• John Greenberg


            I have demonstrated in considerable detail why your use of these NEI statistics is totally flawed and useless. Please see and :// and

          • Willem Post


            The EIA prepares annual subsidy reports, per request of Congress

            You may think the reports are useless, but people in Washington, who run the government, do not.

          • John Greenberg

            I didn’t say anything about the EIA report, and I didn’t suggest it is “useless.” I spoke to “YOUR USE” of it, which is highly misleading, to put it charitably.

  • These meetings should have been held six years ago before Gov. Shumlin decided that the state and Vernon would be better off with Vermont Yankee closed, hundreds of high paying jobs eliminated, families uprooted, millions in tax revenue lost and the local economy harmed.

    These consequence were an easily predictable by-product of the “Ready, Fire, Aim” style of governance that has characterized the Shumlin administration.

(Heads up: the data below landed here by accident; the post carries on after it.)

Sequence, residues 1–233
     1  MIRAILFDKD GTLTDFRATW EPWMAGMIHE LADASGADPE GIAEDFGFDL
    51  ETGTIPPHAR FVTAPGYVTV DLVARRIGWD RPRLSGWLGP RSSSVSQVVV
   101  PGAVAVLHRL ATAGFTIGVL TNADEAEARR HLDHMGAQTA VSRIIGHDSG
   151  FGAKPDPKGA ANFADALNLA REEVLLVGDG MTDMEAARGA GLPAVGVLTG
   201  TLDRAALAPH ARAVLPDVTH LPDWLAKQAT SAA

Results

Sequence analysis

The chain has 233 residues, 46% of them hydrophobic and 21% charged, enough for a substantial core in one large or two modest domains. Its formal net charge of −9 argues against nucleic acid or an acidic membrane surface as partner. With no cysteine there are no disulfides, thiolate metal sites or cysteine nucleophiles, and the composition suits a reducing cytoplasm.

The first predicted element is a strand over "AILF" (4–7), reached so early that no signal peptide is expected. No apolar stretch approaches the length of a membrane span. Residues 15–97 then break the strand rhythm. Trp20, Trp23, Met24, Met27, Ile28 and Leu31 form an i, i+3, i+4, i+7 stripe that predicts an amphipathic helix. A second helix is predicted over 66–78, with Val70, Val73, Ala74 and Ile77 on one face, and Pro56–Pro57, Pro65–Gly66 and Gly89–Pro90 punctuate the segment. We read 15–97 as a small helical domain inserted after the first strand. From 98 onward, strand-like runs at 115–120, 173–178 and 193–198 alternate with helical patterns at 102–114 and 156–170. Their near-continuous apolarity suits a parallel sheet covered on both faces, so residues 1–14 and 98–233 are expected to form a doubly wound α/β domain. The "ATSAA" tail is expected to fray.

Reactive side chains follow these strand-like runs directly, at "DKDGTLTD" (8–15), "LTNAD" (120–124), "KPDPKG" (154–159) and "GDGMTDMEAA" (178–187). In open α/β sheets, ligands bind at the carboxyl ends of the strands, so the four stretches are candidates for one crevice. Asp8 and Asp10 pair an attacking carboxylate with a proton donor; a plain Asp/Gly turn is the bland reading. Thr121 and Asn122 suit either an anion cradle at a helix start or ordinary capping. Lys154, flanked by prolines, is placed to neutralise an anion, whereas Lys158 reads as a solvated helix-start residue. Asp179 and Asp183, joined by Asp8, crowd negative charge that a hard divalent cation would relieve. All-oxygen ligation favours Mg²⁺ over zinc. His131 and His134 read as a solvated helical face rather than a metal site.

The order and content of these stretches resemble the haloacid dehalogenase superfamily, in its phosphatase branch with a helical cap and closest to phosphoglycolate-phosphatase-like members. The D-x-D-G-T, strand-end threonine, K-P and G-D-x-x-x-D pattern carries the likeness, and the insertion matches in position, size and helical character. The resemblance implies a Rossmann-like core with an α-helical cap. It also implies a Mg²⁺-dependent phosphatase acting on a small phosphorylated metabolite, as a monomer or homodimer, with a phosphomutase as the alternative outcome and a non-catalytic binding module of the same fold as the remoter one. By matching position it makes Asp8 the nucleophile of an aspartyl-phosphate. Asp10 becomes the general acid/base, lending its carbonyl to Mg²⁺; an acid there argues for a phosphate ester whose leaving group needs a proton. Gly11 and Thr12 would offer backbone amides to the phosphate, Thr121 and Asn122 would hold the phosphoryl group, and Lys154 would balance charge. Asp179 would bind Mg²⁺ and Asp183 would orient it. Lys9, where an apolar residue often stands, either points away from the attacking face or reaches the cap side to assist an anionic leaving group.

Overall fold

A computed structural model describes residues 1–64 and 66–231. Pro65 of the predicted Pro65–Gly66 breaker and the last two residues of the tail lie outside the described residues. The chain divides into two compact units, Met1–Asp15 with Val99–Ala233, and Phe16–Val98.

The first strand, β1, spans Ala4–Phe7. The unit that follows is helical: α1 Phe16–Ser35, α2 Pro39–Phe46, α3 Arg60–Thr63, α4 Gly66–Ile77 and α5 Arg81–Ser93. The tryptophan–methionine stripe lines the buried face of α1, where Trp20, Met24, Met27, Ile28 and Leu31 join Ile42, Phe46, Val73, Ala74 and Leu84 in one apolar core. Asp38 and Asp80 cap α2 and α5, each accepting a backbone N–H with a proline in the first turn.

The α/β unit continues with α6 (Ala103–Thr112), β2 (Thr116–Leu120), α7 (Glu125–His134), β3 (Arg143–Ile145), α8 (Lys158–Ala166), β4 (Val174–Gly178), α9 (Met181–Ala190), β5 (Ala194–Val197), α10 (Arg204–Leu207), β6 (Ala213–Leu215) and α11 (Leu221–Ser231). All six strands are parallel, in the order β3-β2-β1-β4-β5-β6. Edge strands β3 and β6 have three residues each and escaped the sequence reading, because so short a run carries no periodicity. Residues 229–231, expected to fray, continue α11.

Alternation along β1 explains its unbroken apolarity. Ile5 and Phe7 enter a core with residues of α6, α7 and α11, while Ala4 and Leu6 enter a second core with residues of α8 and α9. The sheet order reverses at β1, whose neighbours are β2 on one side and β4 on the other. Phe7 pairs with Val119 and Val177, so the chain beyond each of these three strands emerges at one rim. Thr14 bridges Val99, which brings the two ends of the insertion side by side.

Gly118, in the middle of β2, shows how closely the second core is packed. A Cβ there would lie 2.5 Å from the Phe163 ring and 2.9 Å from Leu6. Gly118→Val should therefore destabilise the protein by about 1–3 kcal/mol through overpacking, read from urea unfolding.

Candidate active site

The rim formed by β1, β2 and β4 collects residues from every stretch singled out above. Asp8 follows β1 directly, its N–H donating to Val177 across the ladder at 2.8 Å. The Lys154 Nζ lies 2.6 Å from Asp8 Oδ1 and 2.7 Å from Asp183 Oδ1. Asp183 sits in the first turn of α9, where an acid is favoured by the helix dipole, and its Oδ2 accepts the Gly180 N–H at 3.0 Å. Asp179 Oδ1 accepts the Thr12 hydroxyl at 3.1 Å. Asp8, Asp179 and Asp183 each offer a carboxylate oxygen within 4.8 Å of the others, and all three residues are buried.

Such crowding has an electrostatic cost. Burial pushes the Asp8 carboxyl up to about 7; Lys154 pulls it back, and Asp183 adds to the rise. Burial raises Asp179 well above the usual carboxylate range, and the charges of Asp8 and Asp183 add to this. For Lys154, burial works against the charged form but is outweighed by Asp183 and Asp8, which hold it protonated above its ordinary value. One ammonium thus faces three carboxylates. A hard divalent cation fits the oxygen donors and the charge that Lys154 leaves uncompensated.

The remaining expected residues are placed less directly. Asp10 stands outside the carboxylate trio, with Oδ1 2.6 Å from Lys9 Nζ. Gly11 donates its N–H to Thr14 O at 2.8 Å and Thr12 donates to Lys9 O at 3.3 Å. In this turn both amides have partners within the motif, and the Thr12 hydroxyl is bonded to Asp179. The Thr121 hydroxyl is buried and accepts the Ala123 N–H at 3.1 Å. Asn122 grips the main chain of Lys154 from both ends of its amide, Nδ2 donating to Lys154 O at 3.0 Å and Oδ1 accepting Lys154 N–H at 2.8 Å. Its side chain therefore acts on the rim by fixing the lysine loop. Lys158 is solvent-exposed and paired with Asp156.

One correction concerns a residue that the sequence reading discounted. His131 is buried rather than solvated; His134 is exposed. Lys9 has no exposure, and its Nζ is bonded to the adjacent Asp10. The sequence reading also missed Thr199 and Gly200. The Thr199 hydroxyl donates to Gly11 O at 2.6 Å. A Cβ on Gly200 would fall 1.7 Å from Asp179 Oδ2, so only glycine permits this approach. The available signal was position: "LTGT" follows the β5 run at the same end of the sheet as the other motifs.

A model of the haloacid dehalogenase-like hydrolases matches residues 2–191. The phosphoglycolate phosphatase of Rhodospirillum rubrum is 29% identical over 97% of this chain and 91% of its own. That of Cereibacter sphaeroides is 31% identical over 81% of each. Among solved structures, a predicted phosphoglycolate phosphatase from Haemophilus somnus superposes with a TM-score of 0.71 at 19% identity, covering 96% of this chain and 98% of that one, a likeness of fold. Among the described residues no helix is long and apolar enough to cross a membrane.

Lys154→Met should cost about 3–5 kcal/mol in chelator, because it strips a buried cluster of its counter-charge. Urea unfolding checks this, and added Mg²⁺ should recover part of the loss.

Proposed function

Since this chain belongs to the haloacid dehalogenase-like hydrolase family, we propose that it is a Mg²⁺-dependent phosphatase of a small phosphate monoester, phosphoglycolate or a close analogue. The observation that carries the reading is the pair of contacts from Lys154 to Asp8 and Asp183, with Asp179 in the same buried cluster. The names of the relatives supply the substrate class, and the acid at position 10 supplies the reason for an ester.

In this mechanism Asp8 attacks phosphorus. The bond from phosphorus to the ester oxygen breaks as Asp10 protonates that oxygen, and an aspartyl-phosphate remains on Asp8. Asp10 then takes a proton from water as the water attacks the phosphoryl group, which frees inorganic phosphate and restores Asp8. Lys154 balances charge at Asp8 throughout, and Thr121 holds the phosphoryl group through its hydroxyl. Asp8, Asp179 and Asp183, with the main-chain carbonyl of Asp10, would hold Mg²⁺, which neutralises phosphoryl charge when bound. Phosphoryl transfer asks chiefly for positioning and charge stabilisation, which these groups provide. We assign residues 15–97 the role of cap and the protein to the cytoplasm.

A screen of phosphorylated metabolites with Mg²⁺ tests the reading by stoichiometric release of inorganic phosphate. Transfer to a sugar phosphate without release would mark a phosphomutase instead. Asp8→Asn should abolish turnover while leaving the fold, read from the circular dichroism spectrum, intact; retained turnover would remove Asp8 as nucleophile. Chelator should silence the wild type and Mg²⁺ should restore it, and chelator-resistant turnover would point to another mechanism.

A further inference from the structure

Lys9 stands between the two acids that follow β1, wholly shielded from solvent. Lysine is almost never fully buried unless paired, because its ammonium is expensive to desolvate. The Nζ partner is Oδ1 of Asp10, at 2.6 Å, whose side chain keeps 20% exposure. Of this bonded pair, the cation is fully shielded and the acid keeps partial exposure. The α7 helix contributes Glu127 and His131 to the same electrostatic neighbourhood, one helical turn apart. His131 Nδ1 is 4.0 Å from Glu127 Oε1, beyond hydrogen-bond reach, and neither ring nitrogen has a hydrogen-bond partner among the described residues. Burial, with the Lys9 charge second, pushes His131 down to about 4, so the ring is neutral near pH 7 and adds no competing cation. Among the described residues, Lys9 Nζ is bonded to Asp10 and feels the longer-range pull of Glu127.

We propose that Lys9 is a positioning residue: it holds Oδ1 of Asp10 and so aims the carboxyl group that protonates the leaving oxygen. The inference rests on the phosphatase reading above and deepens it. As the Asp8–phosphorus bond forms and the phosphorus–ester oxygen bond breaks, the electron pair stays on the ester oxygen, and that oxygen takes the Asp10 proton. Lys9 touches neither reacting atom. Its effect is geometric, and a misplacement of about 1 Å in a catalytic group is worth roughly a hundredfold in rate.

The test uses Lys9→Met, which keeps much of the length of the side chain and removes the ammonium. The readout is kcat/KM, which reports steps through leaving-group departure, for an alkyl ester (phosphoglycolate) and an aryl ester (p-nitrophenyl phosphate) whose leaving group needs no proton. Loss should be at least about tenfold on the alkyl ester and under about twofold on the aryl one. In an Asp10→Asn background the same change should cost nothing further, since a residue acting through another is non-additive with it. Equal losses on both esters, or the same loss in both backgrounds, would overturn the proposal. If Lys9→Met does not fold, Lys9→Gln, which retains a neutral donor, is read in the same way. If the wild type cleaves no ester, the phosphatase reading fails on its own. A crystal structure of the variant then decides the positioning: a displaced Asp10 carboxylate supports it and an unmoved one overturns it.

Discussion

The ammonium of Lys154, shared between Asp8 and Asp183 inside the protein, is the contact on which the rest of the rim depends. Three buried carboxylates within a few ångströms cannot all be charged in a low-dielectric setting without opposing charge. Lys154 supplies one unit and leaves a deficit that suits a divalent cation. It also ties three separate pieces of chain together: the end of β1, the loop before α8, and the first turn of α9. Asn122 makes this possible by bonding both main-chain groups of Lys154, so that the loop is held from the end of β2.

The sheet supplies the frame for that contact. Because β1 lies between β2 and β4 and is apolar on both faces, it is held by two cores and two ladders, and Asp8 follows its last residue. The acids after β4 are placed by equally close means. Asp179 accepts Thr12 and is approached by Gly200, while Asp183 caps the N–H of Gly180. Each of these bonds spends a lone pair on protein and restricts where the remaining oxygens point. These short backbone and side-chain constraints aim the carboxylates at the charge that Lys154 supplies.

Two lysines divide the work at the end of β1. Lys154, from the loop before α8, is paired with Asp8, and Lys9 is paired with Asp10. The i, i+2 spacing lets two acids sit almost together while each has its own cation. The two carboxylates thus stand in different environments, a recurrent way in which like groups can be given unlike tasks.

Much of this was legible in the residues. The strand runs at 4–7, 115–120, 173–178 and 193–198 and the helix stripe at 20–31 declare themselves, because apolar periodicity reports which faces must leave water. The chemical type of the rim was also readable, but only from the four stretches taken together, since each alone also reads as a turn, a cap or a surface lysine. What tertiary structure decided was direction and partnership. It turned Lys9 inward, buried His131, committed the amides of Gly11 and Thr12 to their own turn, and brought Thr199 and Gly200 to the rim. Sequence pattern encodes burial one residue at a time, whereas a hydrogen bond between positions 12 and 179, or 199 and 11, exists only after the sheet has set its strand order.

Now the good people of Vermon and surrounding communities are paying the price of Gov. Shumlin’s less than thoughtful actions.

    On the other hand, New York Gov. Cuomo is working to keep a nuclear plant open in order to help achieve clean air standards, preserve high paying jobs, preserve tax revenue and economically protect local communities. This could have happened in Vermont.

    Sadly, it will be very difficult for the people in the Vernon area to duplicate the economic output previously provided by VY regardless of the number of meetings held.